United States

In the recent series on his blog, The Workers' Paradise ,McNamara is very strong on the possibility of the cooperative movement being able to move to scale.  But he wisely directs our attention to the big problems this is going to bring, problems that are already burdening cooperatives.  The primary one he refers to is “the agency problem” (which is pretty much what I mean by “top/down problem”).

Thank you, John McNamara for advancing the conversation about the opportunities, issues, and problems of taking the cooperative advantage to scale.
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At the conclusion of the seminar, Mondragon's Director of Cooperative Dissemination, Mikel Lezamiz, and I signed a letter of intent and endorsement to pave the way for initiating conversations with stakeholders in Richmond and beyond.  I want to share with you what I learned and also hear your ideas.
To this end I would like to invite all who are interested to a presentation and discussion on Mondragon and the potential for worker cooperatives in Richmond.  The same presentation will be given on two dates...
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John Howard Griffin is best known today as the author of Black Like Me, which tells of his 1959 journey through the American South disguised as a black man. But there is much more to Griffin than that extraordinary experiment in race relations. As a new documentary shows, John Howard Griffin possessed an uncommon vision of our shared humanity, and spent his life in a fearless search for truth.
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...Atkinson brings to life the poignant irony of a blind man returning to the land of vision to show how those like you and me with normal, take-it-for-granted vision can and do manipulate our vision to see what we want and are conditioned to see without seeing that that is what we are doing.  And that we do this regardless of our race, color, culture, gender, sexual orientation, etc.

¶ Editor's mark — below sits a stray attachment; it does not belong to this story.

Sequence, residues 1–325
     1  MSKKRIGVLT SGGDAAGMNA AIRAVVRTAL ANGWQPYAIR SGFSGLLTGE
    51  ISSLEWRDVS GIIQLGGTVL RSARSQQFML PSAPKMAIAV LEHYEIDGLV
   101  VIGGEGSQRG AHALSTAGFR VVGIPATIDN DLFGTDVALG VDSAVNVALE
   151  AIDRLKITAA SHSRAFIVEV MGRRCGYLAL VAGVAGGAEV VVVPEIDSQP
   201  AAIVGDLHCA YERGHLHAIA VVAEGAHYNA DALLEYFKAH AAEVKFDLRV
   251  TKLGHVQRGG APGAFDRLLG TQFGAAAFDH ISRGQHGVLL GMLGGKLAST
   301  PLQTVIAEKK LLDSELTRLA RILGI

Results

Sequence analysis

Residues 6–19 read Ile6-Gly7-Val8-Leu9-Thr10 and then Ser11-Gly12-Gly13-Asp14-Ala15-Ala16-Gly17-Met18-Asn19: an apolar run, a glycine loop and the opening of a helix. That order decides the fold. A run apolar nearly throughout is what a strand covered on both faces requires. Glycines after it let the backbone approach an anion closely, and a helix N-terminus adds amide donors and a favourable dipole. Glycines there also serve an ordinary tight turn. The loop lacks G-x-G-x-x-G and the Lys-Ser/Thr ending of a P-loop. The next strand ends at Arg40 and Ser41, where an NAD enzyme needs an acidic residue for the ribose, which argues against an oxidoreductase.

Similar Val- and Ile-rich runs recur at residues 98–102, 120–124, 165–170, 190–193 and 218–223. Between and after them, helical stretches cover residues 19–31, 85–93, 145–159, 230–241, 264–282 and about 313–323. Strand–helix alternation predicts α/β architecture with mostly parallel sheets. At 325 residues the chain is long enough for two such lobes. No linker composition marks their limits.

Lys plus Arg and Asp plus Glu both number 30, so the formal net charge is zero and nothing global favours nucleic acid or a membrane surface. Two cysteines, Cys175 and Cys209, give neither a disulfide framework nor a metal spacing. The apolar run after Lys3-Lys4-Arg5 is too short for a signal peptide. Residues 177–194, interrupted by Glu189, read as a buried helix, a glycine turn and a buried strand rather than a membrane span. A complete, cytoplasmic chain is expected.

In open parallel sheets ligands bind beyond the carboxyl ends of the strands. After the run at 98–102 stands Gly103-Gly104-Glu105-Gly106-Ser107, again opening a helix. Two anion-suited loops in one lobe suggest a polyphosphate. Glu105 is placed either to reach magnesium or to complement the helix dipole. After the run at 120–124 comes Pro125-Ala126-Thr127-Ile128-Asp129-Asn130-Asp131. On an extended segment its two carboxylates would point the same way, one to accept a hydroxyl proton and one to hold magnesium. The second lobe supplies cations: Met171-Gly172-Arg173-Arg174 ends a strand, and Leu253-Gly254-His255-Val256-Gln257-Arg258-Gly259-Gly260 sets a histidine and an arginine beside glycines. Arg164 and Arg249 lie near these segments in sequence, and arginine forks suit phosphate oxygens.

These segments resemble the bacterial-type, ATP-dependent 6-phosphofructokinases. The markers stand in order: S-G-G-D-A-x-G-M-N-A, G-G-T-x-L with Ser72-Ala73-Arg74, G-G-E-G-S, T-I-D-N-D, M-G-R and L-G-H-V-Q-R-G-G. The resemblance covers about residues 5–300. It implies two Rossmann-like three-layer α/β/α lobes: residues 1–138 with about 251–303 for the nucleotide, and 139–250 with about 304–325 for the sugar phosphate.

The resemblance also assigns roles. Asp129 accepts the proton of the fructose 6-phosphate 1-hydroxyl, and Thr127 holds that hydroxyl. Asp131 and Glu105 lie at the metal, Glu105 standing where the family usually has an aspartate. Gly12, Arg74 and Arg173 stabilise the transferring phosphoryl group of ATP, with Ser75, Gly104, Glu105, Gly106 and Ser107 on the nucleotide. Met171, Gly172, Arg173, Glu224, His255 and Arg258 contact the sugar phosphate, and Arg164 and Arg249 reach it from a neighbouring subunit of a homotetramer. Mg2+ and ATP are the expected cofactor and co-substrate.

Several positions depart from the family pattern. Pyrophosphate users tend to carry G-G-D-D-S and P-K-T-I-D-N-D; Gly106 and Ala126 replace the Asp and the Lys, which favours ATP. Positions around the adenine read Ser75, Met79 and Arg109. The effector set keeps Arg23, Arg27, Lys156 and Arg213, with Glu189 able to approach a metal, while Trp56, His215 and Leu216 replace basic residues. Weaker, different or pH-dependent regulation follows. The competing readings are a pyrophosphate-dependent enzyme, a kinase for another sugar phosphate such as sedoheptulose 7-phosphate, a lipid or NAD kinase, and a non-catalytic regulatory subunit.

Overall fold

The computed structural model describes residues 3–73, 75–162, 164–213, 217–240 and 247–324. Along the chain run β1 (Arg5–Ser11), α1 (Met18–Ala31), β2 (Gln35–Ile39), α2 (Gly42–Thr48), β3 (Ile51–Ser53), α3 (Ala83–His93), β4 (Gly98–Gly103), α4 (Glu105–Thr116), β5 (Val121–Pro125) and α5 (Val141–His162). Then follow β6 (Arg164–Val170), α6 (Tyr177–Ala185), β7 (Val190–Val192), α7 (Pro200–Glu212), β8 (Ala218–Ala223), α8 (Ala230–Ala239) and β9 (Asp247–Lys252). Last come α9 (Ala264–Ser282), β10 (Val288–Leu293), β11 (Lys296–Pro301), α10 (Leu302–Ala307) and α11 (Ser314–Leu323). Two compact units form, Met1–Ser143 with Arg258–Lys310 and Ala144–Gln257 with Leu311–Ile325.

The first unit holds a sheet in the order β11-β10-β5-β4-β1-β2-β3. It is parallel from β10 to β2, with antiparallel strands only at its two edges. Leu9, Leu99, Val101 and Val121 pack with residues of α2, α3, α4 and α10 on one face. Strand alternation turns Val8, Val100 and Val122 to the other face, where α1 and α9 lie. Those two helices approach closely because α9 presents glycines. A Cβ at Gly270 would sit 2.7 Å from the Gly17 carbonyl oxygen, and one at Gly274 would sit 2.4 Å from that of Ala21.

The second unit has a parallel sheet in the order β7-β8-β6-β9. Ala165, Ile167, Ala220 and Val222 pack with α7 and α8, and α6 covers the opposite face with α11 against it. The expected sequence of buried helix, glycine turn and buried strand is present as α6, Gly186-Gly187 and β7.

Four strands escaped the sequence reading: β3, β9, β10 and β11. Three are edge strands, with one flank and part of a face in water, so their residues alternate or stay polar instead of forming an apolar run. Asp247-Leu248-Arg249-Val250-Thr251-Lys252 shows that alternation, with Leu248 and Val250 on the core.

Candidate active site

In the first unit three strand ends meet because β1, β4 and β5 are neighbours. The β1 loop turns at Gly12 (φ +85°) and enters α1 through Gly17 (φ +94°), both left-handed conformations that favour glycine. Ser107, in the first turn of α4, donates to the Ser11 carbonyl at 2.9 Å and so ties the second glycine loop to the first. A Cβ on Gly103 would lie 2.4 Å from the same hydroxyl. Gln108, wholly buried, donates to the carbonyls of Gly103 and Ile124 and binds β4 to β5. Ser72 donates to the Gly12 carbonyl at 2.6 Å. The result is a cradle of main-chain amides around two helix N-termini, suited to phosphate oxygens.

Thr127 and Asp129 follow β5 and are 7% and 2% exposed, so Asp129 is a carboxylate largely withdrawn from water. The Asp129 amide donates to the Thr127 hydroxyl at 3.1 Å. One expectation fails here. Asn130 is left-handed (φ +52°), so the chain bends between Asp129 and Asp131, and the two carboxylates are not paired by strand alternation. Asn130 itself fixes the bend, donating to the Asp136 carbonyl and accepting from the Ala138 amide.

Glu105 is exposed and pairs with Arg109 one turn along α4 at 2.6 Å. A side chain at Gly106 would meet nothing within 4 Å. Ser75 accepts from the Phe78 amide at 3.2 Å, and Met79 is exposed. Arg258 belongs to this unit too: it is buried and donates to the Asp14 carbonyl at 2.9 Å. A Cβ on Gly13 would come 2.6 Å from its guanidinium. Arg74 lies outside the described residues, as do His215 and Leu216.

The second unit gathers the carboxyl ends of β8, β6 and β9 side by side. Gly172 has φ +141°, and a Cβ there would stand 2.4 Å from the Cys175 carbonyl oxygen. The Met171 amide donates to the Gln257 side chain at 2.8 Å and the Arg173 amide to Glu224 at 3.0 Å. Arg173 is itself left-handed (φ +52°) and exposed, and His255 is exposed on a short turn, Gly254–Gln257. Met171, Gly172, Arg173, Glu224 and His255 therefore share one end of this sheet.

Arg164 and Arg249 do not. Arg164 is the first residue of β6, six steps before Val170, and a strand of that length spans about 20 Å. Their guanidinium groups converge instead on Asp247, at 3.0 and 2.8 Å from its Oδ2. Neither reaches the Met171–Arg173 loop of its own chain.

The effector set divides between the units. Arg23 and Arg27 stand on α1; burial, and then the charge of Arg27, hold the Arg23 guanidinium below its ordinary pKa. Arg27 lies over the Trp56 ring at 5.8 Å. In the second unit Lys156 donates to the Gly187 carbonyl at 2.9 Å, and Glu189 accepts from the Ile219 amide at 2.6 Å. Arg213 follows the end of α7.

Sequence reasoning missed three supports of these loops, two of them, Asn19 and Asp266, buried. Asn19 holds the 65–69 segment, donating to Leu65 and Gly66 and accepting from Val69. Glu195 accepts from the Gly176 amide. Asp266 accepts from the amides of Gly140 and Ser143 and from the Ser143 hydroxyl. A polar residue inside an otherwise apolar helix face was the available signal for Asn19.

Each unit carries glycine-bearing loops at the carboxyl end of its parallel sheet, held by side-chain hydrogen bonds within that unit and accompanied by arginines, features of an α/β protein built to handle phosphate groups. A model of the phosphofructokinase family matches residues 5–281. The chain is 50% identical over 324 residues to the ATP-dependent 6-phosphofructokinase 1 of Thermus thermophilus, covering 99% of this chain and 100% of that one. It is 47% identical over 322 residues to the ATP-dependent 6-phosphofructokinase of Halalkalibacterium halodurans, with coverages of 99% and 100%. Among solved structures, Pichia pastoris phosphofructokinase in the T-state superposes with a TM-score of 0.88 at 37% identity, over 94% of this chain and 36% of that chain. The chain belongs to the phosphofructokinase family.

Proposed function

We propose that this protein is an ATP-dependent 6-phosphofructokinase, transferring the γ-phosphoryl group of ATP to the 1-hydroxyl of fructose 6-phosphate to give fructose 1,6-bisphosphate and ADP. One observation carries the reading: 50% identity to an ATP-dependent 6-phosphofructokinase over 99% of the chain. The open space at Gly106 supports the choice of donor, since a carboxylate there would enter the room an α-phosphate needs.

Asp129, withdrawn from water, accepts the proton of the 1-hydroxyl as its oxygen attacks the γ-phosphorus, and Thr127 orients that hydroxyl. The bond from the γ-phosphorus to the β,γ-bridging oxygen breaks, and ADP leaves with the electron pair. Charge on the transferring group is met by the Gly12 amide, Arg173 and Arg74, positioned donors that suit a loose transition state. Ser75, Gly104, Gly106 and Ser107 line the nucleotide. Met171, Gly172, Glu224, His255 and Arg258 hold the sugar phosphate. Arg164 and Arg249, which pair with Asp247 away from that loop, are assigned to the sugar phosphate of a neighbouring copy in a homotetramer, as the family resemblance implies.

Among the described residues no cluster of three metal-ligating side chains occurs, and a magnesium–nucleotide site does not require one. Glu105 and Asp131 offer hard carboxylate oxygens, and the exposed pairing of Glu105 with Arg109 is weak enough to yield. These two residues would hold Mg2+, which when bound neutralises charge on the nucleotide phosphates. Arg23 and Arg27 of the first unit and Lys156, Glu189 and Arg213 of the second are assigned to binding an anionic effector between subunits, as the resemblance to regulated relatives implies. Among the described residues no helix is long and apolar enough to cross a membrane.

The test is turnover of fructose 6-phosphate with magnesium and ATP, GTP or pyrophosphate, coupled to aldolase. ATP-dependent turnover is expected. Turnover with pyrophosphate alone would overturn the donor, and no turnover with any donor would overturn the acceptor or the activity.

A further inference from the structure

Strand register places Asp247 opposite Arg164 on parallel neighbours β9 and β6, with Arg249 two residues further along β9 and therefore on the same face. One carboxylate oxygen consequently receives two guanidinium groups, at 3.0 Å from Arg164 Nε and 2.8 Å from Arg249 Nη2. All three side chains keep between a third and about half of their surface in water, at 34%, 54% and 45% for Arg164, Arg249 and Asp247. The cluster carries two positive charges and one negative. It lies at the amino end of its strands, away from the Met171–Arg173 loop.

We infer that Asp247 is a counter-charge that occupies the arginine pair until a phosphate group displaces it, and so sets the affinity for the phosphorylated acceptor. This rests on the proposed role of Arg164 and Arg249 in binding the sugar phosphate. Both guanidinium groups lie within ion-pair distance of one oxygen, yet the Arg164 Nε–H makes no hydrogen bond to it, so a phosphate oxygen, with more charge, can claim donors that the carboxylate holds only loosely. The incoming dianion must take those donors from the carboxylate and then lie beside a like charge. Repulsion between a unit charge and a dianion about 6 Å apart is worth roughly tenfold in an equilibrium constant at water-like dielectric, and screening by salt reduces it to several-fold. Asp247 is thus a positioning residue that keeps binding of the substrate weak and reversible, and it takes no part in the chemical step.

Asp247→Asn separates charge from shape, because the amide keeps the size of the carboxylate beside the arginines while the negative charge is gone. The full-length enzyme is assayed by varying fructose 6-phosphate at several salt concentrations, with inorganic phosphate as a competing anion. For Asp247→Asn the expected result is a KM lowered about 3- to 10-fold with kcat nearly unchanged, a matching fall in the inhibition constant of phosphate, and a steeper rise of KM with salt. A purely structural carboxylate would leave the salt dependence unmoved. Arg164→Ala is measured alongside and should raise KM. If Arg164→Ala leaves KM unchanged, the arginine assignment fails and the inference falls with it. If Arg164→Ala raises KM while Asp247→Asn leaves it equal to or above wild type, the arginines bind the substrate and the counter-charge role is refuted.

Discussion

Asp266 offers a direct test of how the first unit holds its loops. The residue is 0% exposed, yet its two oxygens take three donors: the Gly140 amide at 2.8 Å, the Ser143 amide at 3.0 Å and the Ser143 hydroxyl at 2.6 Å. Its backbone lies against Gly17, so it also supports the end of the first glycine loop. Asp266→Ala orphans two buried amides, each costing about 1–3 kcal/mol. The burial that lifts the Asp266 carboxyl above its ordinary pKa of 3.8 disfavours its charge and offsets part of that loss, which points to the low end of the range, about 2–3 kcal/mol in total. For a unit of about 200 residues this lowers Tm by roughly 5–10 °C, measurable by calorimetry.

Below is a report from Steve Rice (volunteer with the Network of Bay Area Worker Cooperatives  [NoBAWC]), Poonam Whabi (Design Action Collective), and Rick Simon (Just Alternatives for a Sustainable Economy) on the Worker Co-operative component of the Congress.  This component calls on local government to...

 

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San Francisco Community Congress: background and update

(EDITOR’S NOTE: A very interesting grassroots development happening in SanFrancisco: The San Francisco Community Congress.The goal is to devise practical, locally actionable proposals to shape and direct future policy affecting the local economy and the provision of critical human services.”  Their mantra, “another San Francisco is possible.”  If the devil is in the details, then this appears to be the beginning of a premier Solidarity Economy project.

GEO is...
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An article in The Nation magazine tells how Boston's Green Justice Coalition is creating "a model to connect the struggle for environmental justice with the fight for living-wage jobs, helping to lay the groundwork for a new generation of community-labor coalitions across the country."
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The Federation of Southern Cooperatives/Land Assistance Fund on August 19, 2010 honored Alice Walker in Birmingham, AL at its annual dinner attended by more than 400 people.